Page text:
A job too well done for comfort

IF I’m honest, I didn’t expect the Bishop of Durham to be quite so diligent about his role as guest editor of The Northern Echo.

As it happened, the Right Reverend Justin Welby was hard at it until past 9pm, having started before 10am.

He had strong views about the questions he wanted the journalists to ask: What were the North-East implications of figures showing that the UK economy shrank more than expected at the end of last year? How did the North-East fare in a study showing that the national death rate from heart attacks had halved in the past decade? How had the North-East been affected by cuts in the number of police officers across Britain?

In between running two news conferences, he managed to speak at a Holocaust Memorial Ceremony and help launch The Northern Echo’s Foundation For Jobs campaign, aimed at helping young people into work.

He wrote a feature about the challenges facing the region, as well as the day’s editorial comment. He then stayed until he was happy with his front page before thanking the staff for their efforts and patience.

I was asked on Twitter if the Bishop really had called the shots as guest editor. I was able to reply in all honesty that his decisions genuinely had shaped Friday’s paper.

Hard-nosed journalists don’t suffer fools gladly but post-Bishop comments in the newsroom were complimentary: down to earth, personable, sharp, and good fun.

“Great paper today,” remarked the managing director on Friday morning.

If you ask me, it was all a bit too positive.

I won’t be asking the Bishop of Durham back in a hurry. I may, however, take up his offer to try my hand at preaching.

THE Headline Challenge is a daily duty of the incumbent of the editor’s chair.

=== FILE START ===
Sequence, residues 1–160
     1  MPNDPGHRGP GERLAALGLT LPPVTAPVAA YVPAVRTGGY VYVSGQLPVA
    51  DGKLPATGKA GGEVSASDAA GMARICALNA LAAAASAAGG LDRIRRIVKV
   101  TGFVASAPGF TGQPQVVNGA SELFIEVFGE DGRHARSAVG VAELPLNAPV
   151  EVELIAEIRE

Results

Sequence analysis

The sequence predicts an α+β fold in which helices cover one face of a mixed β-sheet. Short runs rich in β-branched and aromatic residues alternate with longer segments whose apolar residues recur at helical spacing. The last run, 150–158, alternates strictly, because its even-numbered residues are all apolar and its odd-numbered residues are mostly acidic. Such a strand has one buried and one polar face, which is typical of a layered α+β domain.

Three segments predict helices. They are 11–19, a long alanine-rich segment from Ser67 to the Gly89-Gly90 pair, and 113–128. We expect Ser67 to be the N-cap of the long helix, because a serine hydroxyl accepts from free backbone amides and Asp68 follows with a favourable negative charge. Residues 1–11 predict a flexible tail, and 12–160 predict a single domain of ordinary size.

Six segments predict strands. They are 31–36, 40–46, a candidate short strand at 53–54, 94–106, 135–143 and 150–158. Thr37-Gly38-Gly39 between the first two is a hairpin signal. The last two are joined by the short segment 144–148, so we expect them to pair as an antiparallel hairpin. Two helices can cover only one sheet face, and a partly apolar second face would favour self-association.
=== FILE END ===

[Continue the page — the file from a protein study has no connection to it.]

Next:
It is played on BBC Tees every weekday morning. I, as editor, choose a story with a funny headline and BBC Tees listeners have to try to come up with something better.

So there we were, with the Bishop at the helm, trying to come up with a decent headline for the following morning’s challenge.

The story involved Austrian scientists discovering that love-struck male mice “serenade”

females with high-pitched songs.

It called for a rodent-related love song and the editorial dialogue went like this: Chief sub-editor: “You can’t scurry love.”

Me: “Cheese release me.”

Chief sub-editor: “That’s not a love song, it’s a break-up song.”

Me: “Not necessarily, the mouse could be getting rid of one partner in order to woo another.”

The Bishop (straight-faced): “Isn’t that promoting mouse promiscuity?”

It may be the most bizarre exchange in the history of The Northern Echo’s newsroom.

FINALLY, a major embarrassment was avoided without the need to bring it to the attention of our esteemed guest editor.

Newspaper stories are printed in columns and the computer automatically hyphenates words to split them over two lines.

The first four lines of the latest report on the Harry Redknapp tax evasion trial were originally set like this:

Harry Redknapp said he
was sick and tired of bung-
slurs and claimed he was vic-
timised because of his Cock-
ney accent, a court heard.

A proof-reader saved the day by swiftly joining up “Cockney accent” – it was blessed relief.

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